Filed Under: New Orleans Hornets
1. Pressure? What pressure?
Just when it looked like the pressures of inexperience were finally catching up with the playoff green New Orleans Hornets, they stepped up again against the veteran defending champs. The Spurs owned a three-point advantage at halftime, just like in Games 1 and 2, but promptly had their socks blown off in the third period, just like in Games 1 and 2, when David West helped led his team on a 28-11 run in the quarter. By the time the final buzzer sounded, New Orleans had a 101-79 victory and a 3-2 lead in the series. The Spurs had no answer for West who recorded playoff career-highs with 38 points, 14 rebounds and five blocks on the same night San Antonio reserve Robert Horry played in his 238th postseason game, the most in league history. The Spurs philosophy of shutting down Peja Stojakovic (3-8 FG, 9 pts) offensively with Bruce Bowen worked once again, but, once again, they had no such luck against West or Chris Paul who finished with a 22-point, 14-assist double-double. Tim Duncan could not find his range, missing 13 of his 18 shots, but still posted 23 rebounds while Manu Ginobili erred his way to a team-high 20 points on 5-of-15 shooting. Game 6 is on Thursday in San Antonio where it will be do-or-die time for the home team.
2. It’s over!
In the final seconds of the game, Hedo Turkoglu went for a dunk that would have brought Orlando within a point of the Pistons. But Tayshaun Prince swooped in to make a game-changing block, forcing the Magic to foul and Detroit strolled into the Eastern Conference Finals with a 91-86 win. The Pistons are playing in their sixth consecutive conference finals, tying them with three other teams for the third most in NBA history after defeating Orlando in five games. Despite playing without Chauncey Billups for the final two contests, the Pistons were still the superior team, led by the starters who combined for all but four of the team’s points in the series closer. Richard Hamilton was perfect from the free-throw line, hitting all 16 of his attempts en route to a game-high 31 points and Antonio McDyess was outstanding with 17 points and 11 rebounds. Hamilton also became the franchise’s all-time leader in postseason points with 2,282 in 110 career games. For the Magic, it’s another disappointing to finish to an impressive season. They continue to take baby steps or in Dwight Howard’s case, man-child steps forward, but until Howard truly becomes the unstoppable offensive threat he is capable of being then these early exits will continue to occur.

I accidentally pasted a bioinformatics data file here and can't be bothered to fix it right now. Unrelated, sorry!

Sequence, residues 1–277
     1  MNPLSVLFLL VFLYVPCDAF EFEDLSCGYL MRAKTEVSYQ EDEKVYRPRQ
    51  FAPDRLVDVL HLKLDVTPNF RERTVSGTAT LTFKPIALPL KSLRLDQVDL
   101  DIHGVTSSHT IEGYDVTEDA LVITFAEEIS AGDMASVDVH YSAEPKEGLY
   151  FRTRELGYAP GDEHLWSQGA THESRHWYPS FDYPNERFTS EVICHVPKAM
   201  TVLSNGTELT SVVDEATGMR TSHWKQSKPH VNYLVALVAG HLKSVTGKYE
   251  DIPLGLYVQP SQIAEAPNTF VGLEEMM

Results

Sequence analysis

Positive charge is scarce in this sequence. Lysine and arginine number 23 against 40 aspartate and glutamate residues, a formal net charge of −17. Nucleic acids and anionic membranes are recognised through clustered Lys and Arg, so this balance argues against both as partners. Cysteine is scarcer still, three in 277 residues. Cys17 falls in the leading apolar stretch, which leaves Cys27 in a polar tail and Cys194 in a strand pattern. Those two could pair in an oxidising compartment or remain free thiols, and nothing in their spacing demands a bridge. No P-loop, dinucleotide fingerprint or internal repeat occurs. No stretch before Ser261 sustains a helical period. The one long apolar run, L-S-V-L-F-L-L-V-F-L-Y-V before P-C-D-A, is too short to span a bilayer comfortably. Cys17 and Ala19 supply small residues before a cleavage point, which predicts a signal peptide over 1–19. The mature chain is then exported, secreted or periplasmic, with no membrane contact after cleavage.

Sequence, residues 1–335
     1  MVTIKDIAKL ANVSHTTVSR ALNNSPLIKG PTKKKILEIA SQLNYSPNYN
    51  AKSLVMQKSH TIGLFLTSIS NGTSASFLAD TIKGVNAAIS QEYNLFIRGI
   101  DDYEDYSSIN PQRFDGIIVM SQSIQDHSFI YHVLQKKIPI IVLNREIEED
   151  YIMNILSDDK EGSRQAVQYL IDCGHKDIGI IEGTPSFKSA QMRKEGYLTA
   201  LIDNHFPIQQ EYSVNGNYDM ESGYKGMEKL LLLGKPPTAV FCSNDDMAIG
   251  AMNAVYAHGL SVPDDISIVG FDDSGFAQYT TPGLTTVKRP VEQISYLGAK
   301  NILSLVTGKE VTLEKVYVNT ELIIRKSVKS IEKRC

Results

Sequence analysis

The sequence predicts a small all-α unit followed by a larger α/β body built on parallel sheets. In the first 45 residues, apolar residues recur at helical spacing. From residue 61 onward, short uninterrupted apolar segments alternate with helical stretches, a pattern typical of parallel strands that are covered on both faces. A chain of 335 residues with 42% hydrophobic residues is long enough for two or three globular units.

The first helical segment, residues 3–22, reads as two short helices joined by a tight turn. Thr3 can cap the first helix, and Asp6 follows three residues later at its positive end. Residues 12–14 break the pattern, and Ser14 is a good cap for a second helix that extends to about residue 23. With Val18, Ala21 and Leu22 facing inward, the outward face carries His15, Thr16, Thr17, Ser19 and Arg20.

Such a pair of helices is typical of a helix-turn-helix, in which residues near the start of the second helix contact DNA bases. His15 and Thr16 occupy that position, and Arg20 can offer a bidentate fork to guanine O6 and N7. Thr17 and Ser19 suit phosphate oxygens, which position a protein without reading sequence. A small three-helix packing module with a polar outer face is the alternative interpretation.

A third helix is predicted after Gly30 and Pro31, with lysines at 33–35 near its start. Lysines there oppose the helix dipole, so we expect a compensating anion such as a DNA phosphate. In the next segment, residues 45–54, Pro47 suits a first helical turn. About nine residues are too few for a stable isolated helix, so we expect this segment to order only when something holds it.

3. Pain in the back
Going into Game 5 of the Lakers/Jazz series on Wednesday night, there’s really only one question that matters: How’s Kobe’s back? The MVP was in obvious pain during Game 4, but he still managed to almost record a triple-double in the loss, scoring 33 points to go with eight rebounds and 10 assists. So, in order to make sure their star was as close to 100 percent as possible, the Lakers rested Bryant during practice on Tuesday. Bryant said he would be “fine” for the momentum swinging game tonight which will give the winner a 3-2 advantage. We’re expecting a big game out of Bryant tonight; after all, if he can play with the weight of a sexual-assault trial on his back then a little tweak should be no problem at all.
Tuesday’s Player of the Day: David West vs. San Antonio 44 min, 38 pts (FG: 16-25, FT: 6-7), 14 reb, 5 ast, 2 stl, 5 blk
Buzzer Beater: After carrying bags and bringing in the doughnuts for an entire season, it’s time to give the NBA’s rookies a little love. The league’s All-Rookie teams were announced yesterday and the Hawks Al Horford was the only unanimous selection on the first squad. Surprisingly, the NBA Rookie of the Year Kevin Durant received only 57 of a possible 58 votes. Joining the hands-down best rooks in the game was Luis Scola from Houston, Al Thornton with the Clippers and Durant’s teammate Jeff Green. Second teamers included Jamario Moon (Tor), Juan Carlos Navarro (Mem), Thaddeus Young (Phi), Rodney Stuckey (Det) and Carl Landry (Hou).